Milligan, Maurice M.

Displaying 25 - 36 of 56

From William A. Kitchen to Harry S. Truman, May 12, 1936

Letter from William A. Kitchen to Senator Harry S. Truman in which Kitchen describes in detail an investigation by Harvey L. Duncan concerning an alleged theft of an interstate shipment of liquor. Kitchen warns against a conspiracy charge, which would reflect poorly on the Kansas City organization. Thus, he suggests that any suspect be tried separately, and not as co-conspirators in a large scheme. In order to do this, Kitchen recommends Truman has Bennett C. Clark call Maurice M. Milligan and request that Milligan prosecutes violators separately.

From William A. Kitchen to Harry S. Truman, December 7, 1937

Letter from William A. Kitchen to Senator Harry S. Truman in which Kitchen suggests a way in which Truman can put in a replacement for Maurice M. Milligan as U.S. attorney at Kansas City. Kitchen proposes that the President could appoint a new attorney of Truman's choosing, but keep Milligan as a special prosecutor for the Kansas City voter fraud cases. By doing so, Truman can control the placement without the Kansas City newspapers accusing him of trying to suppress the prosecution of voter fraud.

From William A. Kitchen to Harry S. Truman, August 20, 1940

Letter from William A. Kitchen to Senator Harry S. Truman in which Kitchen discusses suitable candidates for state chairman and other details for Truman's 1940 Senate campaign. In his postscript he urges Truman to attend the American Legion convention on Labor Day in Sedalia, Missouri.

From Thomas Pendergast Jr. to Margaret Truman Daniel

Correspondence from Thomas Pendergast Jr. to Margaret Truman Daniel, likely dated after the 1973 publication of her biography about her father, Harry S. Truman. It is unclear if the note was ever delivered or if it remained in Pendergast Jr.'s possession. In it, Pendergast Jr. accuses Harry Truman and James M. Pendergast of betraying his father.

From Rufus B. Burrus to the Kansas City Star

Letter from Rufus B. Burrus to the Kansas City Star Editorial Editor in which Burrus responds to an article entitled, "Truman Servant of Pendergast". Burrus believes statements in the article to be untrue and addresses allegations of voter fraud in connection with Harry S. Truman. He also addresses Truman's relationship with Thomas J. Pendergast.

From Robert Locke to Lloyd C. Stark

Letter from Robert Locke, Kansas City Journal-Post science editor, to Governor Lloyd C. Stark, requesting Stark's approval to start a "Stark for President" Club. He also writes of R. Emmet O'Malley's removal as head of the state insurance commission and other concerns about the extent of corruption in state politics and elections, and expresses his belief that Stark might "wrest control of the state Democratic Party from the Pendergast-Shannon-Clark faction."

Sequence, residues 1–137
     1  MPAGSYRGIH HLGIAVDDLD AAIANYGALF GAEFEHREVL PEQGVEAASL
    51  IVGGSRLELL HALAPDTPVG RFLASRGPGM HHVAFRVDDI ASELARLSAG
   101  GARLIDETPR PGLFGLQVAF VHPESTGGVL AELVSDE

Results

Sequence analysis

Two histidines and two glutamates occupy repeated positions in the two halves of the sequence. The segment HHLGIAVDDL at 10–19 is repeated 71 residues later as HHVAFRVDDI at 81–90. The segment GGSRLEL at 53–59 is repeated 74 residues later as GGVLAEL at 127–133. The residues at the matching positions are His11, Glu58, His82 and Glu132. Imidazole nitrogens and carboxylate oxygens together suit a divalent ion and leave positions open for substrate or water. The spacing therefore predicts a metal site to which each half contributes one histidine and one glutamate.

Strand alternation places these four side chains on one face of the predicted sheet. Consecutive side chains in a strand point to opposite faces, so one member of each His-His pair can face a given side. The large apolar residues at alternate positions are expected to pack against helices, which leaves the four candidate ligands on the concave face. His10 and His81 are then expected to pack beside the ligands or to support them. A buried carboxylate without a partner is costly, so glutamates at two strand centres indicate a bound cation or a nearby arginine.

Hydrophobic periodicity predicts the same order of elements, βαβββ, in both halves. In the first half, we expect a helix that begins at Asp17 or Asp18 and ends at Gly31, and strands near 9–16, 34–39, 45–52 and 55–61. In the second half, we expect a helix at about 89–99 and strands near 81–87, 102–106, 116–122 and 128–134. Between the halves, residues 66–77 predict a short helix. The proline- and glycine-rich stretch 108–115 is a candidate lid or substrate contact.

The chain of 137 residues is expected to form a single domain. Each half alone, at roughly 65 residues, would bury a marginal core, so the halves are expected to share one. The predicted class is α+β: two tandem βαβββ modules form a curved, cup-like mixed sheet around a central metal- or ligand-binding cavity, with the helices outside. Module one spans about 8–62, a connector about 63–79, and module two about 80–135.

From Mrs. W. A. Judd to Lloyd C. Stark

Letter from Mrs. W. A. Judd, a Kansas City election judge, to Governor Lloyd C. Stark, describing her concern about corruption and criminality in the upcoming election and requesting additional protection at the polls. She believes "Kansas City has no protection for any one but the criminal element."

From Maurice M. Milligan to Lloyd C. Stark

Letter from U.S. Attorney Maurice Milligan to Governor Lloyd C. Stark, reporting on a discussion with the local Agent in Charge of the FBI about the possibility of election investigations in Missouri. Milligan makes suggestions for how to rebut accusations of allegiance, and then disloyalty, to the Pendergast machine.

From Jesse Barrett to Frank R. Kent

Letter from Jesse Barrett to Frank R. Kent of the Baltimore Sun, describing his feelings about Senator Bennett Clark, particularly around the reappointment of U.S. Attorney Maurice Milligan.

From J. L. Milligan to Guy B. Park

Letter from Jacob L. Milligan to Guy B. Park discussing political "back-biting" in Missouri surrounding the funeral of Francis Wilson.

From I. N. Watson to Jesse Barrett

Letter from I. N. Watson to Jesse Barrett describing his attempts to counteract and prosecute voting fraud during the 1936 election in Kansas City.

From I. N. Watson to Jesse Barrett

Letter from I. N. Watson to Jesse Barrett describing his work coordinating a new slate of city council candidates and other attempts to oust the Pendergast Machine from power.